https://boston.eater.com/2014/10/23/7046703/what-we-talk-about-when-we-talk-about-dive-bars

How You Defined a “Dive”?

On 21 May 2021, I went to FaceBook to see what I could find there. The answers were varied, and quite a few “Dive Bars” are fondly remembered.

Kirk Herniman

It still has spittoons and a foot rail.

Keith Symonds

I’m with Justice Stewart (substitute dive bar): In 1964, Justice Potter Stewart tried to explain “hard-core” pornography, or what is obscene, by saying, “I shall not today attempt further to define the kinds of material I understand to be embraced… [b]ut I know it when I see it …”

Jon Melick

Dark inside; smells of stale beer; cheap, well-worn furniture; lottery terminal prominent; sports on all of the TVs…

Clyde Henriques

Bad Jukebox, no top or even middle shelf booze, flat beer…

Philip F Tavano

George’s in North Tarrytown.

It was under some apartments the owner owned. It was probably, I don’t know, 20′ by 20′, with I think four booths with warn vinyl covering and about six barstools. And a Piels beer flouresent light in the window. A mixed drink consisted of a hot if alcohol and a mixer. Of course, I had to bring my own maraschino cherries for my vodka collins. And, of course, a somewhat gruff but likable heavy set owner always with a cigar in his mouth and always a story on his lips.

Just to make it legal, George used to have a pot of pasta or ham and cheese. If you were lucky, you might even get some cigar ashes with it.

Barbara Siebel

Old & dirty

Kate Twyford-Ziebke

At least back in the day, I would consider The Setback Inn as I haven’t been in years, in Tarrytown, a dive bar. Dark inside, scruffy-looking, pool table, a jukebox. A musty old beer-smelling, local hang-out joint. Loved that place!! Lol

Justin Schunk

Townies and cheap drinks!

Paul Murray

The smell of stale beer and urine wafting thru a dank interior. The occasional visit of a roach scampering past.

Gary Stebbins

Anyone remembers the bar in Montpelier “Blackie Stones Industrial Revolution?” I think that was the name. Drank a lot of beer there and at Aces in Northfield. Those were the days…

Peter LaFrance

Who wants to elaborate on the ambiance of “Blackie Stones” for my readers?

Mark Stafford Let’s see a bar with entertainment in Montpelier. That had $ .10 beer night that I thought was on Wednesday nights. Just to prep for the weekend. Live entertainment on weekends and was ALWAYS packed. Cover Charge on the weekends and standing in line to get in was typical. Great bar!!

Mindy Feinberg

I think there are two kinds of dive bars in my area. One is a bar in the not-so-nice area, and people don’t usually know many people. Then there are several bars, in some of the sections where I live, that are generally owned by our friends. They serve shots and beers plus a few regular drinks primarily. We all knew each other like a Cheers bar. They had good bar food, sometimes music, and sometimes stayed all night after the bar closed. We all drank for free because you can’t sell drinks after 2:00 AM or 3:00 AM, as I remember. It was a great place we even (the girls) would all wear flannel nightgowns!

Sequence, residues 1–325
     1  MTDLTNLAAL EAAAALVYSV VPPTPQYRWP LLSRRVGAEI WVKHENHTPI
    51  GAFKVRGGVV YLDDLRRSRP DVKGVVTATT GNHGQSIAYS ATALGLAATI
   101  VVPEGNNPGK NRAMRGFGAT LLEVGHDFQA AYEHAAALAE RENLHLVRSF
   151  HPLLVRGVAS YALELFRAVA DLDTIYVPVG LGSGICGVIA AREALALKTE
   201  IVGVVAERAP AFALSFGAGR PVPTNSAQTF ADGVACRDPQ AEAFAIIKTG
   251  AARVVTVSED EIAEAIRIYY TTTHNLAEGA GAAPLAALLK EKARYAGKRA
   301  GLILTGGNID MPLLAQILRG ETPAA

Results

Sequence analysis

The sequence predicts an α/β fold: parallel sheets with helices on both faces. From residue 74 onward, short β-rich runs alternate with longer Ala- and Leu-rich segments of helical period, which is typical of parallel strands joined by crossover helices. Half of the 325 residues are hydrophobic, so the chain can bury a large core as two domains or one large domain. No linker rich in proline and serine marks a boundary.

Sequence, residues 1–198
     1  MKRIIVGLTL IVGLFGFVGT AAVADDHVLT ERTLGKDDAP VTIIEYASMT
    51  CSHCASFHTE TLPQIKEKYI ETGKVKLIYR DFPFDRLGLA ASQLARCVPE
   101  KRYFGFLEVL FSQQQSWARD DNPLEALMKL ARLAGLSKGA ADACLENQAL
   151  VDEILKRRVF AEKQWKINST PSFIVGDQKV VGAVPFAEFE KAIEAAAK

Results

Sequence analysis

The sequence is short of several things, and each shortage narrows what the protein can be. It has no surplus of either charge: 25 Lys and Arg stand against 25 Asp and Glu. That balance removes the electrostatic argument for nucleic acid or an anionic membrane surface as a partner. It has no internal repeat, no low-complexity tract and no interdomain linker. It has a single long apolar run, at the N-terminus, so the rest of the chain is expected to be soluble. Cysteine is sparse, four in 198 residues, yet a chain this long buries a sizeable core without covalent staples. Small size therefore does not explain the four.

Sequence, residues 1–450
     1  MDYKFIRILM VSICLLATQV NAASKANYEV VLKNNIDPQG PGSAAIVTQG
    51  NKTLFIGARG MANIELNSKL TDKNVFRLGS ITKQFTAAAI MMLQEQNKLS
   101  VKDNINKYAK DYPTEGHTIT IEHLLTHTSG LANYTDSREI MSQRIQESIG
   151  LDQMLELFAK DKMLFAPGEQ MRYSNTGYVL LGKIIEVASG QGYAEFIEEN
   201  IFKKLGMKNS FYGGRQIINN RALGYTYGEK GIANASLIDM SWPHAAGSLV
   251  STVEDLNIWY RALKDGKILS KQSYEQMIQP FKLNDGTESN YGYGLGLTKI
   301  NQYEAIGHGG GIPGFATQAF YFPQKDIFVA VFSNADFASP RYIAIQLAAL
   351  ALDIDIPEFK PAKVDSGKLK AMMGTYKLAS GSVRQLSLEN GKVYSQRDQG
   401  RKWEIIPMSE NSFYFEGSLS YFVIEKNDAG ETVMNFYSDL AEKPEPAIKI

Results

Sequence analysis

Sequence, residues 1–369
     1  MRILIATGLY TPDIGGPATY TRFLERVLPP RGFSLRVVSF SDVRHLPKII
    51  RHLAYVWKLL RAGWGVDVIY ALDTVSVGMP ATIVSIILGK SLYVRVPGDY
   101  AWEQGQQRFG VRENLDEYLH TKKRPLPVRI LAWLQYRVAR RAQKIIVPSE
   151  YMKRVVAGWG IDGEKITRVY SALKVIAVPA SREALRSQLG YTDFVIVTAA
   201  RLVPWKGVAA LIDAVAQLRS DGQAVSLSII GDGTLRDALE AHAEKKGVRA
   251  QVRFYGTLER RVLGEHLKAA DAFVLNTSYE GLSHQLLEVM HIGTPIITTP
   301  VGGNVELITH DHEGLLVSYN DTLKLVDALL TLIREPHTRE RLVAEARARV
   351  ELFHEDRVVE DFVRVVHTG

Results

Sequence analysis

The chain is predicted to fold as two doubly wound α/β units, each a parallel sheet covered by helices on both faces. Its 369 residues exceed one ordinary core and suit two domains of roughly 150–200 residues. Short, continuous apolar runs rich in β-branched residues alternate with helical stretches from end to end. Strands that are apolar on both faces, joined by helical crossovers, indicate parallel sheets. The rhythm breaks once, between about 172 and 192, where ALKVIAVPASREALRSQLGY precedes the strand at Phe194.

Pete Gleason bought it in the late ’70s from Rez, who bought it from Bozo’s in the ’60s. He sold it in the last couple of years but is still Gleason’s Bar on Millcreek Rd in Levittown, PA.

Frederick Nesta

Things I learned at my mother’s knee and other low joints. I remember one bar with filthy toilets, fights, etc… Still, I think a dive has more class than that and refers to a bar without pretense, has regulars who still welcome strangers, especially quirky ones, and where you go for the feel of the place.

Alan Moen

Where the regulars seem permanently attached to the barstools since at least 1947. Hattie’s Hat in Seattle’s Ballard is a perfect example.

Seattle also has (or maybe had) a real dive bar near the Pike Place Market, the Scenic, that always seemed full of drunken Indians. Still, you probably can’t get into ethnicity as a definition.

Lisa Will

I was in one this afternoon. And I will return there! When I asked for a menu, they said, “We’re just a dive bar, but we’ve got good food, and we’re fun.” I love a good dive bar. This is not a dump, just no pretense.

Jeff Marlow

A “Dive” is a place where you don’t even think of ordering wine or a mixed drink that takes more than 20 seconds to pour.

The Dive Bar Videos

The Old Growler Remembers The White Horse Tavern

The Old Growler visits The Broome Street Bar and Grill

A Minute of the Old Town Bar, New York, NY

https://youtu.be/BjArUXk9joY
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First, let me introduce myself. I am Peter LaFrance, author of Beer Basics and Cooking & Eating With Beer, (John Wiley & Sons, Inc. – 1995). I have also been published in American Brewer, All About Beer, and Ale Street News.

I have been writing about the brewing industry since 1984. Credits include contributing editor for Restaurant Management and Top Shelf magazines. I have also written for Beverage Media, New Brewer, Beverage Dynamics, and All About Beer magazine.

Welcome to The Old Growler!